2. Results and Discussion

The spectra data and other characterization of the target compounds 3a–3f are shown in the experimental section. The yield of the derivatives was ranged from 59% to 41%. The spectra data of jatrorrhizine (1) was reported in [15]. The NMR spectrum of the target compounds showed that some new proton signals of CH2 and CH3 appeared at high field region. The compounds 3a–f at δ 13–60 area increased the signal of compound C, the increased number of C is the same as C of substituent group switching on at the 3-position of jatrorrhizine. MS tested compounds formula. Both analytical and spectral data of all the newly synthesized compounds are in full agreement with the proposed structures.

The IC50 values for AChE and BuChE inhibition are shown in Table 1. All the jatrorrhizine derivatives demonstrated potent inhibitory activity against AChE with submicromolar IC50 values. The optimal AChE inhibition potency (IC50 = 0.301 μM) was provided by compound 3g; the inhibition activity of jatrorrhizine derivatives to BuChE is lower than AChE. It is interesting that all of the jatrorrhizine derivatives exhibited potent inhibitory activity for AChE compared to jatrorrhizine. The volume of the substituted amino groups has important impact on inhibitory activity. Among all the jatrorrhizine derivatives, the amino group gave the best results (IC50 = 0.301 μM). Interestingly, the cyclic substituted amino groups appeared to have weak activity compared to chain substituted amino groups. For example, compound 3g showed the highest inhibitory activity. This result indicated that the groups at the end of the molecule influenced inhibitory activity. In vitro, BuChE inhibition was also determined using the same method. The jatrorrhizine and jatrorrhizine derivatives demonstrated poor inhibitory potency against BuChE. These results proved that the jatrorrhizine derivatives have good selectivity for AChE and BuChE (Table 1).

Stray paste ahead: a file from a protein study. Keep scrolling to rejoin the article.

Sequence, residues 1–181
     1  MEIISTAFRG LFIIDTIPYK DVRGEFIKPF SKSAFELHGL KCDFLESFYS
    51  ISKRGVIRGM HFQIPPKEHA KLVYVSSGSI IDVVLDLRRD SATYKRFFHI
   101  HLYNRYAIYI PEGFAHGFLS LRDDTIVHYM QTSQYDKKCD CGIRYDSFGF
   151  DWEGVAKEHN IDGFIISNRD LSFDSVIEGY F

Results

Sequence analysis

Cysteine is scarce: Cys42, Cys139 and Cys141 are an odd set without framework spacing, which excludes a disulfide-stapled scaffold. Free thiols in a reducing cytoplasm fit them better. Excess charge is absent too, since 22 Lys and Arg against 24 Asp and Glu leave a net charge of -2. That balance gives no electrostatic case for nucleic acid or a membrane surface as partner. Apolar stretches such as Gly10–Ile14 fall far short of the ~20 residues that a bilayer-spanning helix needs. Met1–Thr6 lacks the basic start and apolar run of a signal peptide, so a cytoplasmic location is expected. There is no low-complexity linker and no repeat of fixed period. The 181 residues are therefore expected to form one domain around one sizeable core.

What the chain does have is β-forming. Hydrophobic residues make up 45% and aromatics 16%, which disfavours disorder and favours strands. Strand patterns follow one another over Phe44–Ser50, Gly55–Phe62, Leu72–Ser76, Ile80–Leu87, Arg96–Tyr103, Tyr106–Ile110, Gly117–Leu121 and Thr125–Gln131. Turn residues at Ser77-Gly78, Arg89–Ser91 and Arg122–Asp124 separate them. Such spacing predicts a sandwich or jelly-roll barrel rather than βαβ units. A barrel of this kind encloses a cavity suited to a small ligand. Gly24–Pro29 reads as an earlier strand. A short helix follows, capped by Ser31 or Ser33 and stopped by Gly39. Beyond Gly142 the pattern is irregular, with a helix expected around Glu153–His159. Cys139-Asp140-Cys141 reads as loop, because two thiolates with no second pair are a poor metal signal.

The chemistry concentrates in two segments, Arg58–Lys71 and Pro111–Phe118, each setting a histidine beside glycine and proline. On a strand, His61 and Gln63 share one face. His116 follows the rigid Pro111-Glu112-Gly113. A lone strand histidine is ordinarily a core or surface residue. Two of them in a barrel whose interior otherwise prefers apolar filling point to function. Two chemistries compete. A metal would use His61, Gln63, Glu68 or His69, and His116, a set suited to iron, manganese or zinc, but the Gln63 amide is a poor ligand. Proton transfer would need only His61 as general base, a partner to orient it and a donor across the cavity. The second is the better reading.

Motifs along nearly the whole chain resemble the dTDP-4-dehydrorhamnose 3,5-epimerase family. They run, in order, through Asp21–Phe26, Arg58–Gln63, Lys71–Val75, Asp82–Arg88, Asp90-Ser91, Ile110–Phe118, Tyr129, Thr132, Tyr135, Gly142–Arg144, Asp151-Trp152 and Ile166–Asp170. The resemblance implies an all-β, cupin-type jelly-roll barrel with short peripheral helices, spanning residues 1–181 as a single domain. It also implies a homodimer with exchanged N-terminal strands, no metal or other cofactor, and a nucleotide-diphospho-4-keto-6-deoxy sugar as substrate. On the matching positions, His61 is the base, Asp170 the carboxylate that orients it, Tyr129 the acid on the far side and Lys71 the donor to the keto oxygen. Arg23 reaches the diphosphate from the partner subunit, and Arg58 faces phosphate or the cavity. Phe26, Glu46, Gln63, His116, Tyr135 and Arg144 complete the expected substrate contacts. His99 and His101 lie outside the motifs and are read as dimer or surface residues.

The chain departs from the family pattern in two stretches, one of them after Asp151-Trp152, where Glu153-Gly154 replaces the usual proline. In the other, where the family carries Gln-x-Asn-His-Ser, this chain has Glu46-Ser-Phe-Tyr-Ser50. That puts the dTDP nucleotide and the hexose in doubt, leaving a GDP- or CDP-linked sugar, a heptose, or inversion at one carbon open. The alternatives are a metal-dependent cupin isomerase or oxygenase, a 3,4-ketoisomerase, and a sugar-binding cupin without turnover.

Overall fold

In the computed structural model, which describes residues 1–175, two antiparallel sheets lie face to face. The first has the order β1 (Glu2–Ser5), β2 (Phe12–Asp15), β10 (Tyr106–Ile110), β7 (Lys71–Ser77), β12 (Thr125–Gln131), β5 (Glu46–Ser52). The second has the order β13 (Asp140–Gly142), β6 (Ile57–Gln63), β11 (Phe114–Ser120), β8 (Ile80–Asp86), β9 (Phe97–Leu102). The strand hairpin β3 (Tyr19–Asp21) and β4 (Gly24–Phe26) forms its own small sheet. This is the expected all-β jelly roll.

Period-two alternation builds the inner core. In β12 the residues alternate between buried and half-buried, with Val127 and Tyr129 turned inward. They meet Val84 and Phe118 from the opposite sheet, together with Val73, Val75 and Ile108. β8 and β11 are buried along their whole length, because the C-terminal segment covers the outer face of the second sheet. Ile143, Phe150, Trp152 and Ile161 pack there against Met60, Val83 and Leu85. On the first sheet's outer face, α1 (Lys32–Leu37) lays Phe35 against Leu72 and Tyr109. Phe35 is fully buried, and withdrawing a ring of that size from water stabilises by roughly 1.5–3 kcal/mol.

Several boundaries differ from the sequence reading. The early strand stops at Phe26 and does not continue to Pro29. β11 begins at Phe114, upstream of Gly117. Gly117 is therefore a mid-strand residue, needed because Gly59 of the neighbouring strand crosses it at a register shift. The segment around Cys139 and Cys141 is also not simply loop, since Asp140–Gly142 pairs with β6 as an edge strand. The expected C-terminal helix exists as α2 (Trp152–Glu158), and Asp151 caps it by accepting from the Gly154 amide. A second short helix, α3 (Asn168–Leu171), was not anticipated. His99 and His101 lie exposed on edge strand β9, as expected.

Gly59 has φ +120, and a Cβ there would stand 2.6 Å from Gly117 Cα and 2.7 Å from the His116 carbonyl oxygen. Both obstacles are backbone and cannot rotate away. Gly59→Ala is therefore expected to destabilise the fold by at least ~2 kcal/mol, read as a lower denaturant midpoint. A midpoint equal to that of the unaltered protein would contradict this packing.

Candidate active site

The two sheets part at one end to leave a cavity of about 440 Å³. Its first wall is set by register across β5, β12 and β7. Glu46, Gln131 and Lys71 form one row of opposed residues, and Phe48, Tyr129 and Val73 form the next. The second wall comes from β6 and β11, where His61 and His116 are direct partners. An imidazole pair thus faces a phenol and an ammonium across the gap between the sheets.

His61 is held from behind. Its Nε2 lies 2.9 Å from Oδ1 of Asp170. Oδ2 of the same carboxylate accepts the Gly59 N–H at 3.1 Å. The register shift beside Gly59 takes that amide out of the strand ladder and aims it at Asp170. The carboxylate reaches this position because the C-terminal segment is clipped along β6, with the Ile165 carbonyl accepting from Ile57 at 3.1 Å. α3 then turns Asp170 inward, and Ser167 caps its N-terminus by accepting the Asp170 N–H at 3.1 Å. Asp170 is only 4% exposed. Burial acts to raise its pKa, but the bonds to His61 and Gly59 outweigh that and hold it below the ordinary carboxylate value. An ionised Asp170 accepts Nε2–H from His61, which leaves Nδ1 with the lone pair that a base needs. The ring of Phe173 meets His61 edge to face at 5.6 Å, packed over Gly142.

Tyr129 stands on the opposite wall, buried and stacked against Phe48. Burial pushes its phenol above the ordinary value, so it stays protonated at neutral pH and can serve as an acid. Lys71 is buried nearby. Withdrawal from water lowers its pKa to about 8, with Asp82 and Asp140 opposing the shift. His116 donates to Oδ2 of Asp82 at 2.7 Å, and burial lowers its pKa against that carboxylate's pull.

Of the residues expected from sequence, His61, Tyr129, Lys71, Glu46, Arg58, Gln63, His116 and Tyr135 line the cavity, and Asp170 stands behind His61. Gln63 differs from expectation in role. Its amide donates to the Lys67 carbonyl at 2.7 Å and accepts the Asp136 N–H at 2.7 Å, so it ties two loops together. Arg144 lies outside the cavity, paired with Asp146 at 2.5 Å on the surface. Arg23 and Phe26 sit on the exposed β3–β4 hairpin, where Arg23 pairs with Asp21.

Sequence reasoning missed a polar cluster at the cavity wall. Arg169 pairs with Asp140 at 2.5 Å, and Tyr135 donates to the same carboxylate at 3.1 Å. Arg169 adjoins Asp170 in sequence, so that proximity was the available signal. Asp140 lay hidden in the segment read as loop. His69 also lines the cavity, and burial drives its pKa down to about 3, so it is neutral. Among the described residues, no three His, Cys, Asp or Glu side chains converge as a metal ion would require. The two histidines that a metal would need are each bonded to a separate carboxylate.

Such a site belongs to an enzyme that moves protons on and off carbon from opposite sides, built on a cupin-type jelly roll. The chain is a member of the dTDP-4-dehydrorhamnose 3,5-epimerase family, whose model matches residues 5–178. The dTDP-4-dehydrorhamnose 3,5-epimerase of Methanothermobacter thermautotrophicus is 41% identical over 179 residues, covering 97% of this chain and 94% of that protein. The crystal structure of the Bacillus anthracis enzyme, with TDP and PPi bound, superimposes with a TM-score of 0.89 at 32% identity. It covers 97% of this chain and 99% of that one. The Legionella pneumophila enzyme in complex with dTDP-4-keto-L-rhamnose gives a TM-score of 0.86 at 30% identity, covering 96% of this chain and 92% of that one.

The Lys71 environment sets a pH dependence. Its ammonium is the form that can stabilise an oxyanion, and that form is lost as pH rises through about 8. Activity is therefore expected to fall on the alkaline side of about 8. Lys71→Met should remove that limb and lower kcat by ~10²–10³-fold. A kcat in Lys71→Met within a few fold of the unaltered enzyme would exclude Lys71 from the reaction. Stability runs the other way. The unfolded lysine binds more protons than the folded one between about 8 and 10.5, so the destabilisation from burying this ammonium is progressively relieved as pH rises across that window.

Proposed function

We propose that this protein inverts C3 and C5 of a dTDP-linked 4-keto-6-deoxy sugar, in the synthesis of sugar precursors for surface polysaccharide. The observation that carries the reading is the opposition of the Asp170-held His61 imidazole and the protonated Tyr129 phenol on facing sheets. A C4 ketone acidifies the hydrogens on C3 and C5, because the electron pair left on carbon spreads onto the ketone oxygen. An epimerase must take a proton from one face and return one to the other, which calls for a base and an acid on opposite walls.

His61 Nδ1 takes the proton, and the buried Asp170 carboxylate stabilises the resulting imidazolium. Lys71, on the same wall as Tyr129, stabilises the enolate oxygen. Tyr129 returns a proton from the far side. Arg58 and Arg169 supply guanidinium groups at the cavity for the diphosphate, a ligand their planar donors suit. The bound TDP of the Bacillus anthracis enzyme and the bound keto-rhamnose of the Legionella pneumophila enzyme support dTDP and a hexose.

CompoundsIC50 (µM)Selectivity for

Jatrorrhizine>100>115
Tacrine0.23
3a>100>216
3b>100>260
3c>100>310
3d>100>243
3e >100>338
3f >100>121
3g>100>300

% inhibitory concentration (means ± SEM of three experiments) of AChE from electric eel; % inhibitory concentration (means ± SEM of three experiments) of BuChE from equine serum; for AChE = IC50 (BuChE)/IC50 (AChE).

3. Experimental Section

3.1. Chemistry